NHLPA executive: Kelly was victim of paranoia
MONTREAL (AP) -- Former NHL star and union executive Vincent Damphousse says the next leader of the NHL Players' Association must be free to make decisions without the fear of being fired.
In an interview with The Canadian Press on Tuesday, Damphousse said Paul Kelly, who was fired by the association's executive board on Monday, was victim of "a kind of paranoia in the group."
Damphousse, who played in Edmonton, Montreal and Toronto, worked for the association as director of business affairs. He left before Kelly succeeded Ted Saskin in 2007.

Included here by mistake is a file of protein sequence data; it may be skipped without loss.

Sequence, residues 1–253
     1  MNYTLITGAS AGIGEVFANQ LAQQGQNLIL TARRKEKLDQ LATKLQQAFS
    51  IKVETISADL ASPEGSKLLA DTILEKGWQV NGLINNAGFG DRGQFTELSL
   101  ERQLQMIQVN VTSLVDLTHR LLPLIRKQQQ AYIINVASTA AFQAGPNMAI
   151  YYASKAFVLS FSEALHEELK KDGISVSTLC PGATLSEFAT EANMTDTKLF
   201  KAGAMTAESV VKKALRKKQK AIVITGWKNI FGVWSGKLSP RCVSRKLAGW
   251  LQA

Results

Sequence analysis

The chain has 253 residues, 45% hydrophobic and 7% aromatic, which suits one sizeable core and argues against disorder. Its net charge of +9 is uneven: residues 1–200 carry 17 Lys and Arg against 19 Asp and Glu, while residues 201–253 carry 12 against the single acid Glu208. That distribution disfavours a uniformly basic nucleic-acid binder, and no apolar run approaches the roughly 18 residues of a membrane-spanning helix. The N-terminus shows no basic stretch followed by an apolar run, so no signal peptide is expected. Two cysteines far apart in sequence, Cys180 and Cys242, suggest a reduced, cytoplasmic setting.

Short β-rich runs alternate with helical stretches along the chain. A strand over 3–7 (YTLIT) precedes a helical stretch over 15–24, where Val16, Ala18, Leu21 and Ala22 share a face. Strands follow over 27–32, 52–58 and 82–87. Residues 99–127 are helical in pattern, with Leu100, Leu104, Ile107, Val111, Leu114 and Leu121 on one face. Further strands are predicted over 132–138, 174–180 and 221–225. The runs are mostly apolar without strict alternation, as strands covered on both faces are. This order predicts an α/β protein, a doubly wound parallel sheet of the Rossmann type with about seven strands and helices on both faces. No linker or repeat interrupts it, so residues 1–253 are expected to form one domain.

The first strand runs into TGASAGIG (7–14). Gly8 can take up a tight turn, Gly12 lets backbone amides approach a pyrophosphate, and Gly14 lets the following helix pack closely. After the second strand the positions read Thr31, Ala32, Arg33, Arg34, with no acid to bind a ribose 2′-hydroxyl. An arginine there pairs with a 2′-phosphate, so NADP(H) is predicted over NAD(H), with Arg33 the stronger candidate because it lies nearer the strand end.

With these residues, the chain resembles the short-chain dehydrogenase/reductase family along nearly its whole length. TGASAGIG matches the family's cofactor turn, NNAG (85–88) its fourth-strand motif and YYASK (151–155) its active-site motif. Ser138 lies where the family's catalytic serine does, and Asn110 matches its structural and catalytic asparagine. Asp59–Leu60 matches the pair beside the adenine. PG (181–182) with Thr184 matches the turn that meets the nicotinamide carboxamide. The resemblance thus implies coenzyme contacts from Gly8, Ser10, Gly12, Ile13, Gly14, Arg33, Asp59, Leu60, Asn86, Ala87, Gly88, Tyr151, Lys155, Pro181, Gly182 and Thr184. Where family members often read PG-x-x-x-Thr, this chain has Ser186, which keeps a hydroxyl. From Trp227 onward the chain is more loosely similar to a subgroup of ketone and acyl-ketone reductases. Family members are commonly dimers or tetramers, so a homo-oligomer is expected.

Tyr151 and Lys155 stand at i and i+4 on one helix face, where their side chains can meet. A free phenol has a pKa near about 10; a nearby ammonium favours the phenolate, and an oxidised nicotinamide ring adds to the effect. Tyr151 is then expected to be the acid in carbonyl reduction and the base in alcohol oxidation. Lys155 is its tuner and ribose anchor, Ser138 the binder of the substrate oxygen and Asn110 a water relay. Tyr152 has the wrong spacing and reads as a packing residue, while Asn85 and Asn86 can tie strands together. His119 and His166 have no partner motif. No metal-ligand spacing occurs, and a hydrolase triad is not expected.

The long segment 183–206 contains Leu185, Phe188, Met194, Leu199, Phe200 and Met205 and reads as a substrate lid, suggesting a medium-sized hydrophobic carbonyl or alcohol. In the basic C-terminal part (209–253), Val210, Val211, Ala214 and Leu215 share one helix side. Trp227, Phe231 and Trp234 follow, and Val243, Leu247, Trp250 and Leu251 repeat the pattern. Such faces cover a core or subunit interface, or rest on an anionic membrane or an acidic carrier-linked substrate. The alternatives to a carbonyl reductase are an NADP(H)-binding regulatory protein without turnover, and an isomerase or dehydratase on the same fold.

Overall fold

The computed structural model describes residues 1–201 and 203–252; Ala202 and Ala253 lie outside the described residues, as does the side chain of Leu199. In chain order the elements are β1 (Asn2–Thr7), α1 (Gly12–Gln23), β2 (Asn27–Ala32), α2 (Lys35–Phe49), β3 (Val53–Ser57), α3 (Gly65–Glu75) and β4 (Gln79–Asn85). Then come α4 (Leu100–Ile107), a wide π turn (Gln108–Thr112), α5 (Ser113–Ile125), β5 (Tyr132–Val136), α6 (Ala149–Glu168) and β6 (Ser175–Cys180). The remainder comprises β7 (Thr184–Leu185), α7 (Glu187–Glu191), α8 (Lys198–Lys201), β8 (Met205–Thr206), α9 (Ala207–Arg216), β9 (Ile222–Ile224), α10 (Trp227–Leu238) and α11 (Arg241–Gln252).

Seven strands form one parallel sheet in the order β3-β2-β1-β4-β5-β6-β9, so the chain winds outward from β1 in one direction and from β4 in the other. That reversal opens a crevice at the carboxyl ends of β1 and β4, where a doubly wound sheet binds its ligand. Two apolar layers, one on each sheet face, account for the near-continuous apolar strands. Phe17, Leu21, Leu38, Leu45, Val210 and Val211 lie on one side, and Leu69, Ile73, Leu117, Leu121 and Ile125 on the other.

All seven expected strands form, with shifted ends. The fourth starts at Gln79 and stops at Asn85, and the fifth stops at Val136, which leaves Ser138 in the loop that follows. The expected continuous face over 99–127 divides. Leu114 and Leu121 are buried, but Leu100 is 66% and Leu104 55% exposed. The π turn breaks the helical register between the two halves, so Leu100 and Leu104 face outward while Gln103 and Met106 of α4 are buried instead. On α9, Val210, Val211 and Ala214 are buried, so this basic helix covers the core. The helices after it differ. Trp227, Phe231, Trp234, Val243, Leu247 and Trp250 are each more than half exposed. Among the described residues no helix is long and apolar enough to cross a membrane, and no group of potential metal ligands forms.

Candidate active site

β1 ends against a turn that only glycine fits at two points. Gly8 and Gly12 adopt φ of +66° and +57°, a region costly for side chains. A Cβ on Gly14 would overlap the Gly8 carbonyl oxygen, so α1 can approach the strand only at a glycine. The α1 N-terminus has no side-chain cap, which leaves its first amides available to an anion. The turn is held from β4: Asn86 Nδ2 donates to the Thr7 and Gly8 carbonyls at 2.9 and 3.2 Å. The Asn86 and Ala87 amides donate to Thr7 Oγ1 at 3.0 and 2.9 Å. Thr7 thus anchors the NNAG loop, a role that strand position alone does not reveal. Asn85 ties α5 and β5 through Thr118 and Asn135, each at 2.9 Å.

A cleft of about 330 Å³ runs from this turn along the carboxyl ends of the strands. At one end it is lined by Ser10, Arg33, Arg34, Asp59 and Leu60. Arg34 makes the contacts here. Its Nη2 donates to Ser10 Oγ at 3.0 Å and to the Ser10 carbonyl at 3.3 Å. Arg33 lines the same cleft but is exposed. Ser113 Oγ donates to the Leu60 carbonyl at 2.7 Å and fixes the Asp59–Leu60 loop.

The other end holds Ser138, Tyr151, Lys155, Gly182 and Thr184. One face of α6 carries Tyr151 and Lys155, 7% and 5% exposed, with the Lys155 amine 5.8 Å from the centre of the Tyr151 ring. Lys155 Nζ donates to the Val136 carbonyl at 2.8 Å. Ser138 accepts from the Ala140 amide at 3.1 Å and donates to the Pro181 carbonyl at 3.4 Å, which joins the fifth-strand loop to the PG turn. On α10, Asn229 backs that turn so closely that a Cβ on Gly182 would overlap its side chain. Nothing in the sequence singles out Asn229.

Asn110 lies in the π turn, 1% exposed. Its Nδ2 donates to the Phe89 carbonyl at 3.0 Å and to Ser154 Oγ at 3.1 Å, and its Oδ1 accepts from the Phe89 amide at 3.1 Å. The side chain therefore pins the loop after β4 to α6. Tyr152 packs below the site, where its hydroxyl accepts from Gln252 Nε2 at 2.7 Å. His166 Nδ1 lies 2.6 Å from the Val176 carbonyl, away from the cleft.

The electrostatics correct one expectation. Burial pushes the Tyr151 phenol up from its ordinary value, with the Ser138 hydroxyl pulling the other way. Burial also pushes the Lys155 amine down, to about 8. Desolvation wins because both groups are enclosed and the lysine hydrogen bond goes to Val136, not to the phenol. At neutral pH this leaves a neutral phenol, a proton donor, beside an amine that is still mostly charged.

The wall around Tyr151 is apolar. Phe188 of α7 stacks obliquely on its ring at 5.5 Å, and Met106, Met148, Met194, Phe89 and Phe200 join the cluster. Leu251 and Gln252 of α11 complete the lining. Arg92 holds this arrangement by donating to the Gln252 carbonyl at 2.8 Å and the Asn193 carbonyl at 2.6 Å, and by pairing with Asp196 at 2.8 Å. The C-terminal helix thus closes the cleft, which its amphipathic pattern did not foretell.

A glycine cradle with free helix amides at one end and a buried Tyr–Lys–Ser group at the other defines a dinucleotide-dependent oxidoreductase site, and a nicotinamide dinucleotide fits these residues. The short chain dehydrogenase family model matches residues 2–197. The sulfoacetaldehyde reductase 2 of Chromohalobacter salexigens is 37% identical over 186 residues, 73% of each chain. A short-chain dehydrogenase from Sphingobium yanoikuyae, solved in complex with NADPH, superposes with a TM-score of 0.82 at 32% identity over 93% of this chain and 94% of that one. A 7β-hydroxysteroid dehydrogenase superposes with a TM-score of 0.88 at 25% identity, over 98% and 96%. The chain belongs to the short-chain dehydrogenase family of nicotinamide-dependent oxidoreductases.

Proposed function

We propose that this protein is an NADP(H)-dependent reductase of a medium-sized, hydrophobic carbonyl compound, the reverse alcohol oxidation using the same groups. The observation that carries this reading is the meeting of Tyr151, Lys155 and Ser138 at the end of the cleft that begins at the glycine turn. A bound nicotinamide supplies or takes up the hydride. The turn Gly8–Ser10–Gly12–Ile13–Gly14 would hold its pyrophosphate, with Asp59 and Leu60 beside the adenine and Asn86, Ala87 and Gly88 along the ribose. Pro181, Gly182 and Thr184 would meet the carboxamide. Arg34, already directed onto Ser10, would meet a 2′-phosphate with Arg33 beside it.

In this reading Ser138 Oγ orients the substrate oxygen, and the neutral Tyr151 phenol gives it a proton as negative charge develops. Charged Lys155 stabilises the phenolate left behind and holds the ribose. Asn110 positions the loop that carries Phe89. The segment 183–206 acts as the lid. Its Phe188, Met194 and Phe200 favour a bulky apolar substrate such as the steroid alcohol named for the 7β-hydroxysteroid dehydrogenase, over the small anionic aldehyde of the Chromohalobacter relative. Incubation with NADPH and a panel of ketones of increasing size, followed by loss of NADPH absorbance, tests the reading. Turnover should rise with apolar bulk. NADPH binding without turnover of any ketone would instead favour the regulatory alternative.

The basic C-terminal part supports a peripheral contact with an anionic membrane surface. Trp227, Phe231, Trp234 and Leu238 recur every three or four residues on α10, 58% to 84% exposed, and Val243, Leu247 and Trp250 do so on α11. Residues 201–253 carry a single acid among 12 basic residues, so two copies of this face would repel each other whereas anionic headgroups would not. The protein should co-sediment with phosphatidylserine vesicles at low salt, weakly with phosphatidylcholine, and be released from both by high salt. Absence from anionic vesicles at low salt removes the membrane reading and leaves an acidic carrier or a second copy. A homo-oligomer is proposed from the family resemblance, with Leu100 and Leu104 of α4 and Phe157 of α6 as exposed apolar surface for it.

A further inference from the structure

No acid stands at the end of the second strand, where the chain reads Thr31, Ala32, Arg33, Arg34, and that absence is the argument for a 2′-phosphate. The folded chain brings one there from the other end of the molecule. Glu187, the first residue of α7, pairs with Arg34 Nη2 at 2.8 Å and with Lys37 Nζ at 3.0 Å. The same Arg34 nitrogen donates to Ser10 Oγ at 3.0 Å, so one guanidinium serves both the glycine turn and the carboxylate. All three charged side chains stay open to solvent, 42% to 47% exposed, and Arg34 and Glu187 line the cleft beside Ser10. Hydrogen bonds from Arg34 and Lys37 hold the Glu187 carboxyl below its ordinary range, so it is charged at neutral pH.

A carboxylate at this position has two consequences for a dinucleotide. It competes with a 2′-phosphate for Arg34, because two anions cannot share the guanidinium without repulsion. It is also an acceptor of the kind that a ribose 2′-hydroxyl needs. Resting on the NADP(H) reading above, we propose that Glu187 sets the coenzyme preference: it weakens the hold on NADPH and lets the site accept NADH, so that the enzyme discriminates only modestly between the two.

"For the new guy coming in, the players need to let him work," he said. "There was maybe too much leeway before and now it's like the guy is in handcuffs. He's got to be able to work with confidence."
The next executive director will be the fourth in five years.
Bob Goodenow, who disagreed with a collective bargaining agreement that ended the 2004-05 lockout and brought in a salary cap, left in 2005 and was replaced by Saskin. He had a close relationship with league brass but was fired for allegedly monitoring players' e-mail.
Kelly, who appeared to defend the players interests while maintaining good relations with the commissioner, looked to be the victim of a discontented group within the association intent on having a hardline leader for negotiations on a new CBA in 2011.
The association gave no specific reason for firing Kelly. They said the move came after a review of his leadership.